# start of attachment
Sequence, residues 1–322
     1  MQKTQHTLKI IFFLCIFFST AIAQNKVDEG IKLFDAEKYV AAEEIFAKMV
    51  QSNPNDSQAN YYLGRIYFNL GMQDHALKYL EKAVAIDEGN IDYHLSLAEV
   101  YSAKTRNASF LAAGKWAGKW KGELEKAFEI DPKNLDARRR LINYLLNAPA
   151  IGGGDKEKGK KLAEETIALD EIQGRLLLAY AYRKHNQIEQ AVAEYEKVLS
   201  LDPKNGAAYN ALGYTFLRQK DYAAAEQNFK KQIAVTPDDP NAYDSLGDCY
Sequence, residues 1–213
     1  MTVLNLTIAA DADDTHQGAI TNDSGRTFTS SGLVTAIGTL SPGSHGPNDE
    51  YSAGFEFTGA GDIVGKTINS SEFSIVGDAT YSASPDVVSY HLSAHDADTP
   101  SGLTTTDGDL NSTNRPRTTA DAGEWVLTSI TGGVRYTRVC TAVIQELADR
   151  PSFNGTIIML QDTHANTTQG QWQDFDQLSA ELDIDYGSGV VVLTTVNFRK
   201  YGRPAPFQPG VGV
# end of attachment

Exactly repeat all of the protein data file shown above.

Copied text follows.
Sequence, residues 1–322
     1  MQKTQHTLKI IFFLCIFFST AIAQNKVDEG IKLFDAEKYV AAEEIFAKMV
    51  QSNPNDSQAN YYLGRIYFNL GMQDHALKYL EKAVAIDEGN IDYHLSLAEV
   101  YSAKTRNASF LAAGKWAGKW KGELEKAFEI DPKNLDARRR LINYLLNAPA
   151  IGGGDKEKGK KLAEETIALD EIQGRLLLAY AYRKHNQIEQ AVAEYEKVLS
   201  LDPKNGAAYN ALGYTFLRQK DYAAAEQNFK KQIAVTPDDP NAYDSLGDCY
Sequence, residues 1–213
     1  MTVLNLTIAA DADDTHQGAI TNDSGRTFTS SGLVTAIGTL SPGSHGPNDE
    51  YSAGFEFTGA GDIVGKTINS SEFSIVGDAT YSASPDVVSY HLSAHDADTP
   101  SGLTTTDGDL NSTNRPRTTA DAGEWVLTSI TGGVRYTRVC TAVIQELADR
   151  PSFNGTIIML QDTHANTTQG QWQDFDQLSA ELDIDYGSGV VVLTTVNFRK
   201  YGRPAPFQPG VGV